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Let $X$ be a set. Let $l^{\infty}(X,N)$ be all bounded functions on the form $f: X\longrightarrow N$. Let $d(f,g)=\sup\{n(f(x),g(x): x\in X)\}$ be a metric on $l^{\infty}(X,N)$, where $n$ is metric on $N$.

How to show that if $N$ is complete then $l^{\infty}(X,N)$ is complete?

Thank you.

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Did you want to write $n(f(x),g(x)): x\in X$ instead of $n(f(x),g(x): x\in X)$ (the position of brackets)? – Martin Sleziak Nov 8 '12 at 11:45
up vote 1 down vote accepted

I'll help you get started.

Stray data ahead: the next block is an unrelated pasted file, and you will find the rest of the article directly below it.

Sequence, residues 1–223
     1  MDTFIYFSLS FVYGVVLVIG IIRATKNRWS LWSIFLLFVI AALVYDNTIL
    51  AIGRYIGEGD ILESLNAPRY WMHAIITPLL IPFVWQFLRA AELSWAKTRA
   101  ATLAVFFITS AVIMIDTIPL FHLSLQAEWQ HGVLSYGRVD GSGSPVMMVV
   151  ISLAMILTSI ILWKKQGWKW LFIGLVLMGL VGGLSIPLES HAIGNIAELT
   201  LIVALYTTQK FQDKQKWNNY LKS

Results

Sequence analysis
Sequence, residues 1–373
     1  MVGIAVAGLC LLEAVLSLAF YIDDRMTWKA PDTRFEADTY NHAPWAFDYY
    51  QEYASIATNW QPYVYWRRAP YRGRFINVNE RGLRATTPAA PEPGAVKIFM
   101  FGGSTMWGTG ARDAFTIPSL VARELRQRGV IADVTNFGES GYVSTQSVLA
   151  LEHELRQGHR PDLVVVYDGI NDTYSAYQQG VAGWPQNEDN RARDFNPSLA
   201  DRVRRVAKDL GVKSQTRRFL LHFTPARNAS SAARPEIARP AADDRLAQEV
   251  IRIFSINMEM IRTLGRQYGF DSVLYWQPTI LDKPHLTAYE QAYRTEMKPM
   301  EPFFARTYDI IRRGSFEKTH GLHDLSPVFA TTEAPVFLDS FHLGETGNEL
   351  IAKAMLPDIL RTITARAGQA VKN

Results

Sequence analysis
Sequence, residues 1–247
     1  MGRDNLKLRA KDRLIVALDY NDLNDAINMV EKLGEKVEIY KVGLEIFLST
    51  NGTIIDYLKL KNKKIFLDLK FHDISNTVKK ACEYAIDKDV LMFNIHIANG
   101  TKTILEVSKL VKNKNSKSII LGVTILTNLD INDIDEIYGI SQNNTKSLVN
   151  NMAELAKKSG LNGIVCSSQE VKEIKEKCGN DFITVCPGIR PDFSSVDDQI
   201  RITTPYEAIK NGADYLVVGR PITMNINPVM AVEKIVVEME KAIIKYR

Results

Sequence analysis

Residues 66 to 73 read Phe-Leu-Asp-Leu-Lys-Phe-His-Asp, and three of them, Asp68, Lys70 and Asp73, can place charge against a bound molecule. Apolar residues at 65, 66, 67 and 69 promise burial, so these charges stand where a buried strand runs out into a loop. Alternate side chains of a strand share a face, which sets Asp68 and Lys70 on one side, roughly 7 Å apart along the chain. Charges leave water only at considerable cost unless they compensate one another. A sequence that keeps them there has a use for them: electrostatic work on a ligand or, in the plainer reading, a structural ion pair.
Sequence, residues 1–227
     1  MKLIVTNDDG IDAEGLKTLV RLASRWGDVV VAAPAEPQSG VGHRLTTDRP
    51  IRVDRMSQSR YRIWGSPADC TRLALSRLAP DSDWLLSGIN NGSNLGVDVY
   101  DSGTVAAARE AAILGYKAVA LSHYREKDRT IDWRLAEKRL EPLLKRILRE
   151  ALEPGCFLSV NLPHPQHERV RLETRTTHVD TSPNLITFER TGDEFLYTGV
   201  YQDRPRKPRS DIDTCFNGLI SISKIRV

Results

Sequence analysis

Start with a Cauchy sequence $(f_n)$ in $l^{\infty}(X,N)$. Then for any $\epsilon>0$ we have $N>0$ such that for any $n,m\geq N$ we have $\sup_{x\in X}n(f_n(x),f_m(x))<\epsilon$. Consequentially, the sequence $(f_n(x))$ is Cauchy in $N$ for any $x\in X$ (Why?) and converges, say to $y$. We have to find an $f\in l^{\infty}(X,N)$ such that $f(x)=y$. Well, we have a natural candidate, namely the function whose value at $x$ is the limit of the sequence $(f_n(x))$ in $N$. Now just check that $f$ is bounded and that the sequence $(f_n)$ converges to $f$ and you are done.

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